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  • Risk Register

    Posted by Jay Manifold on April 18th, 2020 (All posts by )

    There are, of course, many items that could be placed in a risk register for our ongoing management of COVID-19. I find myself drawn to those categorizable as, or perhaps triggered by, human perception and behavior. By way of limiting the scope of this post to reasonable attention spans, here are my current top 3:

    1. Underappreciation of Complex Payoffs

    I intend complex payoffs” in the Talebian sense, alluded to in item #6 of In Medias Res (posted all of two weeks ago, a/k/a the Bronze Age). The US encompasses such an immense variety of physical and socioeconomic environments that aggregate statistics about it are almost always misleading. State-level numbers are often no better. I’m seeing a chasm in perception between acquaintances who are either high-risk personally or live in a high-risk environment and those who are, or do, not. Thus the vehement insistence that the pandemic is killing vast numbers and is on the verge of disabling this or that crucial element of society—hospitals and the grocery supply chain are popular candidates—and the equally vehement insistence that this is no worse than a regular flu season and the response has been wildly disproportionate and is causing another Great Depression—often followed by accusations of political opportunism, escalating to full-blown conspiracy theories.

    Geography matters. Population densities of the order 10,000 km⁻² and mass-transit ridership of several million on the average weekday (New York City) represent a completely different set of conditions from the well under 1,000 km⁻² and a few tens of thousands of mass transit riders per day where I live. And in turn, my environment differs just as greatly from that of rural counties in my state, which are ~10 km⁻² and have zero mass transit. The EDR (excess death rate) in NYC is stratospheric. In most rural areas it is nil.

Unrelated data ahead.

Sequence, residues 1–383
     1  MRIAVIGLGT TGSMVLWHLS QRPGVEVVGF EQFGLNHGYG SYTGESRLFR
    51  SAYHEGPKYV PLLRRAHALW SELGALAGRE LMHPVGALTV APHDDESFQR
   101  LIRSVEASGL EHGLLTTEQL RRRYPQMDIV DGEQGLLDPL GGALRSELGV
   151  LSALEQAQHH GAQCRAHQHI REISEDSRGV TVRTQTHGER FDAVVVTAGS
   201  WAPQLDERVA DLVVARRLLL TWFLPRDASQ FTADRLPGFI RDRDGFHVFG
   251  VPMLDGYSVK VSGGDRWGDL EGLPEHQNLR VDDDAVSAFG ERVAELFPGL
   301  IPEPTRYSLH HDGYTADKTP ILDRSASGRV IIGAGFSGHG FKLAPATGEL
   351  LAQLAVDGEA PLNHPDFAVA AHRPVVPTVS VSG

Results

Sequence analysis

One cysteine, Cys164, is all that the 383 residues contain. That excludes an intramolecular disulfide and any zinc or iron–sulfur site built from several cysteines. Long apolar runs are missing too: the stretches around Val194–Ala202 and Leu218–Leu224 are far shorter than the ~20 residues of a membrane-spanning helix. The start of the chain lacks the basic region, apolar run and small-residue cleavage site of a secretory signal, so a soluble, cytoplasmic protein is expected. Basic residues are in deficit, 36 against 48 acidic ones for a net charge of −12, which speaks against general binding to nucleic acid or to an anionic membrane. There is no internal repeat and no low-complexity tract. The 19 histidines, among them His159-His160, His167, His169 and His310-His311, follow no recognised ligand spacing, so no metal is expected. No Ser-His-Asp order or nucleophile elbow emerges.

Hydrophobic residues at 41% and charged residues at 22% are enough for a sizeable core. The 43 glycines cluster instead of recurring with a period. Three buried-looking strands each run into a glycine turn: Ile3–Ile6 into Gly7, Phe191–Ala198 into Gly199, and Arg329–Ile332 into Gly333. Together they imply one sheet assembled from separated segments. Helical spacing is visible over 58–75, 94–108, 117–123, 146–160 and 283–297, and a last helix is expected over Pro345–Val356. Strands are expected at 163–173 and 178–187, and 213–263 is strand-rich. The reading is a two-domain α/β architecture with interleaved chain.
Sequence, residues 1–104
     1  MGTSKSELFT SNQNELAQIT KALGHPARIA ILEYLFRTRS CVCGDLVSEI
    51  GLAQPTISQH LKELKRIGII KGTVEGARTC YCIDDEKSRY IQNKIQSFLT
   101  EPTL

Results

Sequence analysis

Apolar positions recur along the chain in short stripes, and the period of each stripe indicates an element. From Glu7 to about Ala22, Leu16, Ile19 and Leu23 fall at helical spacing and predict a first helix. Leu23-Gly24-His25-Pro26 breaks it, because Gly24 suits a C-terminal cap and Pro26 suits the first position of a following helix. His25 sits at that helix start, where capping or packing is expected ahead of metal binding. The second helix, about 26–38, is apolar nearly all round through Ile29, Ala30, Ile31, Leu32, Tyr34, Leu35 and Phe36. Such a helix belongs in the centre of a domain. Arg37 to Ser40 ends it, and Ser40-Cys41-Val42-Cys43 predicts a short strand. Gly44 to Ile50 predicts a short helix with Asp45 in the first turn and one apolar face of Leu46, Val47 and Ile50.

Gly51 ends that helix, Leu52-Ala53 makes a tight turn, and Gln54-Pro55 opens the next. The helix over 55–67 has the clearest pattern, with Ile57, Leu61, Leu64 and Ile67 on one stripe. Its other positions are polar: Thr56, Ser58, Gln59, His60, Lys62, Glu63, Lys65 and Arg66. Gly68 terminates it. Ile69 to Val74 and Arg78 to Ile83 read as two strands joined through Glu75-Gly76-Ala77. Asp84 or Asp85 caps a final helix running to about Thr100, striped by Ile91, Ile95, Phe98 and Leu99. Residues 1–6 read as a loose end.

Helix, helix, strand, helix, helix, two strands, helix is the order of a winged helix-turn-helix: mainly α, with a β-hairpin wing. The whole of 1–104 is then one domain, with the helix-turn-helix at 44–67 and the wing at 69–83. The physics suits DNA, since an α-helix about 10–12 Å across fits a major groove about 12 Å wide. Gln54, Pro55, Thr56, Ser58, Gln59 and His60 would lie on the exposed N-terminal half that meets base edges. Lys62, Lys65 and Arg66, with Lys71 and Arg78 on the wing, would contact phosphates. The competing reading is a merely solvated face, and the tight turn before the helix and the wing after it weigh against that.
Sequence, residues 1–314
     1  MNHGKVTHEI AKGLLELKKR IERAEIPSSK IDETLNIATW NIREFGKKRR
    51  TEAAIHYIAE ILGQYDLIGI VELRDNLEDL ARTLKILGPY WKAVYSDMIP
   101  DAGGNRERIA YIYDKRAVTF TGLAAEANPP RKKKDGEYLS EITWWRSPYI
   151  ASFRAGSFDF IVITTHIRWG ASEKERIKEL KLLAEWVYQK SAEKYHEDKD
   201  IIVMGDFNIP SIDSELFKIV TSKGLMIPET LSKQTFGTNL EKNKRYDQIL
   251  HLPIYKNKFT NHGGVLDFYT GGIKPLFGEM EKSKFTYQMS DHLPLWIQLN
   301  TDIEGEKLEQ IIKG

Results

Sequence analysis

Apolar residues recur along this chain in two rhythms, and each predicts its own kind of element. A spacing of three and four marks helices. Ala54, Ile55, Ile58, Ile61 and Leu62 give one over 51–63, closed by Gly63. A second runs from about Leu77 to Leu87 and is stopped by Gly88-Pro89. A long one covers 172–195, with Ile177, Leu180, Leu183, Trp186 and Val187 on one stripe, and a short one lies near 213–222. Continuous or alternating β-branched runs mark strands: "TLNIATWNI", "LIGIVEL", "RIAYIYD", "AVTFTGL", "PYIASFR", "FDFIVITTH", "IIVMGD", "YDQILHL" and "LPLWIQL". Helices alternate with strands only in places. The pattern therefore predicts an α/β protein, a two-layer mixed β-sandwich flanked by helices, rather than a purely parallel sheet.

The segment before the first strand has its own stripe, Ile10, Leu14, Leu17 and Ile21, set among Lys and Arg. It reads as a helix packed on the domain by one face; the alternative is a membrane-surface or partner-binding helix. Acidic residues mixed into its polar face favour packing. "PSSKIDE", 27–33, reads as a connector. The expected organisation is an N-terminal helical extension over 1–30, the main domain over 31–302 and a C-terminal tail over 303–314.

Comorbidities are a huge variable, sometimes in conjunction with geography. Old age, interaction with blood pressure medications, diabetes, obesity, and a history of frequent infections all drive the likelihood of developing a serious case of the disease up by several hundred percent. Most of these conditions are far more prevalent in urban African-American neighborhoods than in more affluent (and less dense) suburban and exurban communities. Disease rates in both Kansas Cities reflect this, and it is probably the single greatest factor in the high EDR of New Orleans.